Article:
San­der­son to Stin­son – say sorry or I’ll sue

Sunday Mail - - NEWS -

In a state­ment last night, Ms Stin­son said: “I’ll con­sider the cor­re­spon­dence. I wel­come the op­por­tu­nity for full trans­parency on all as­pects of the min­is­ter’s vis­its to res­i­den­tial care fa­cil­i­ties.”

In the le­gal let­ter, a copy of which has been ob­tained by the Sun­day Mail, Ms San­der­son warns Ms Stin­son un­less she re­tracts her state­ments and apol­o­gises, ag­gra­vated dam­ages would be pur­sued in Supreme Court defama­tion ac­tion.

The le­gal ac­tion, which the Premier’s of­fice is aware of, was trig­gered by a se­ries of pub­lic state­ments the for­mer TV jour­nal­ist and La­bor ad­viser made on sev­eral ra­dio pro­grams last month.

She aired them after The Ad­ver­tiser re­vealed claims about an April visit the min­is­ter made to a res­i­den­tial fa­cil­ity along with her depart­ment chief ex­ec­u­tive Cathy Tay­lor. La­bor and unions have called for an ex­pla­na­tion after a youth, 17, ab­sconded from the fa­cil­ity and later al­legedly went on a crime spree in the wake of the visit.

In­ves­ti­ga­tions into the April 14 crime spree – which in­cluded petrol drive offs and a wild pur­suit – have ex­am­ined the cir­cum­stances lead­ing up to it. The youth is fac­ing charges.

Ms Stin­son was later in­ter­viewed by ABC Ra­dio, FIVEaa and Triple M where she made com­ments about Ms San­der­son’s con­duct. Those com­ments, which the min­is­ter re­jects, can­not be re­peated for le­gal rea­sons. The Ad­ver­tiser is not em­broiled in the dis­pute.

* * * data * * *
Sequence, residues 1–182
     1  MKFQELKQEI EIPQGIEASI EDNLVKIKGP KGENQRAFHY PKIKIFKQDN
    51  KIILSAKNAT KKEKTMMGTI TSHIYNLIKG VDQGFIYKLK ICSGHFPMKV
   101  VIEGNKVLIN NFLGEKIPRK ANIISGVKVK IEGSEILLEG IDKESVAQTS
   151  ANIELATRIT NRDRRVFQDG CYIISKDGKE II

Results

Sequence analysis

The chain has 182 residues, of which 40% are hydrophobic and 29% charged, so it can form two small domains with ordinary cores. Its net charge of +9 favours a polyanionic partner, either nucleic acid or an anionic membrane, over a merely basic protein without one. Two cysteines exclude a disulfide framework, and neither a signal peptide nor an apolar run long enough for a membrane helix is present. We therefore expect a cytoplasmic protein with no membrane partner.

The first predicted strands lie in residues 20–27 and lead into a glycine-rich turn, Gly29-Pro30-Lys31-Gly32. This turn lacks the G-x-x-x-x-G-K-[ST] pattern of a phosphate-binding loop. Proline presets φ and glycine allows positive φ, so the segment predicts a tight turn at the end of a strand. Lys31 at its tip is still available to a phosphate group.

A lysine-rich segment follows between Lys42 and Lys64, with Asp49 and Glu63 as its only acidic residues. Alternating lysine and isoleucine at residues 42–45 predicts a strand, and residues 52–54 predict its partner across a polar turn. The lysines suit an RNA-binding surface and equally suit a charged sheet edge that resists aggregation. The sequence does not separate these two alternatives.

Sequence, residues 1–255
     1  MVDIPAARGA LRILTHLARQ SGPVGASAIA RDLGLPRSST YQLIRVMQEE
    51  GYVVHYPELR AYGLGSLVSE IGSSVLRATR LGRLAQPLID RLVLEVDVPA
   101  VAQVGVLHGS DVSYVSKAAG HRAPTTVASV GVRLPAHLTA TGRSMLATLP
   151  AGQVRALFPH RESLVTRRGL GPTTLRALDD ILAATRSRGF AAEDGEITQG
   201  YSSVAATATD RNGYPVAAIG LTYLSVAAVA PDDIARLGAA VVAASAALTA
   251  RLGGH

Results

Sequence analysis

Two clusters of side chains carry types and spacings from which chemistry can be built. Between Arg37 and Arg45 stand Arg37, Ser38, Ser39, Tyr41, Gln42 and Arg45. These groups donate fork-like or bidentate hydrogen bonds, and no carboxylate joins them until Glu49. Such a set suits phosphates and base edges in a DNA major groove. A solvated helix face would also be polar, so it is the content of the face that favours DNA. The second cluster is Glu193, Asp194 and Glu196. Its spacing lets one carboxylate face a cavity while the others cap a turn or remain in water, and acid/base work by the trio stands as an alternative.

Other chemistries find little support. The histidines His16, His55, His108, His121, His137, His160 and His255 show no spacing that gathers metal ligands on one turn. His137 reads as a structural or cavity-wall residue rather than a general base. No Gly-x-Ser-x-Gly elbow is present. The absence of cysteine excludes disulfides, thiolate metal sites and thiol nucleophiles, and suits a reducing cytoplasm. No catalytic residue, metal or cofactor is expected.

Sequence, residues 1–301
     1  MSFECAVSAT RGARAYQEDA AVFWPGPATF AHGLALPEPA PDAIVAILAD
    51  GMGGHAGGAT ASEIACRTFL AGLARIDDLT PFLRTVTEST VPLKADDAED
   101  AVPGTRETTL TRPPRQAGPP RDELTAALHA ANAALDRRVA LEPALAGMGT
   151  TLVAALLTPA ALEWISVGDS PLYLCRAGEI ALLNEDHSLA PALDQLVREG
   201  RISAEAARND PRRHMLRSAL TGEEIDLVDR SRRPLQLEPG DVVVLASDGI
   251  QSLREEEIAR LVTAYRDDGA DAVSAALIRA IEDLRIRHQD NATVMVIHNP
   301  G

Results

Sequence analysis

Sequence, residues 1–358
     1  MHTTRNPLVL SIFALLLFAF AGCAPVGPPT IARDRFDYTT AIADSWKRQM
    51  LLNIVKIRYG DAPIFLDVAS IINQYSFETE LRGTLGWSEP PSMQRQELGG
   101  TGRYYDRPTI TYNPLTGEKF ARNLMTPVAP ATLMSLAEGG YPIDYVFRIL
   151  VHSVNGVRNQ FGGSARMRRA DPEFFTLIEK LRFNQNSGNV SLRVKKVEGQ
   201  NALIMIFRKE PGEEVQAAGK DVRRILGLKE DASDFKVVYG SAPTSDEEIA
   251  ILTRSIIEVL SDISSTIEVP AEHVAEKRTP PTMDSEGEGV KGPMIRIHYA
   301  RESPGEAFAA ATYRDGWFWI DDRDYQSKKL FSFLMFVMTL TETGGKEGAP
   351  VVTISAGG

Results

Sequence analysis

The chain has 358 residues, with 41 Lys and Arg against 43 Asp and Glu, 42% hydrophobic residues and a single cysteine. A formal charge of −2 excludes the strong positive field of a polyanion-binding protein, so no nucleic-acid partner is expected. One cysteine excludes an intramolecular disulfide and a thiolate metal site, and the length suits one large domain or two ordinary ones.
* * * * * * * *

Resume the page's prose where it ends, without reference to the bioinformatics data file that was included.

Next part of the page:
In the con­cerns no­tice, Ms San­der­son’s lawyer, Tony Rossi, who is not billing the tax­payer, states there was no ba­sis for Ms Stin­son to make the se­ri­ous al­le­ga­tions about her com­pe­tence or re­spon­si­bil­ity.

Ms Stin­son, he wrote, had ig­nored calls to apol­o­gise about the claims that she had as­sured the pub­lic were true and thor­oughly re­searched.

“You were mo­ti­vated by mal­ice to­wards the min­is­ter in seek­ing, with­out ev­i­dence … (to make) se­ri­ous al­le­ga­tions in or­der to cause rep­u­ta­tional harm,” he writes.

“Given her promi­nence in South Aus­tralian pol­i­tics, the false­hood ex­pressed in the pub­li­ca­tion and re­pub­li­ca­tions con­sti­tute a se­ri­ous and un­truth­ful al­le­ga­tion against the min­is­ter.”

“The rep­u­ta­tional harm is likely to jeop­ar­dise her po­lit­i­cal suc­cess and … you were … clearly mo­ti­vated by a de­sire to harm the min­is­ter’s stand­ing in the com­mu­nity.

“(She) has suf­fered distress as a con­se­quence. You acted with con­tu­me­lious dis­re­gard as to whether the se­ri­ous al­le­ga­tions were true or the harm they were likely to cause.”

Mr Rossi states a “rea­son­able com­pro­mise” in­cludes apolo­gies on Ms Stin­son and La­bor’s so­cial me­dia, on ra­dio and at a press con­fer­ence, as well as le­gal costs of at least $3300. Ms San­der­son de­clined to com­ment.

Jayne Stin­son

Rachel San­der­son

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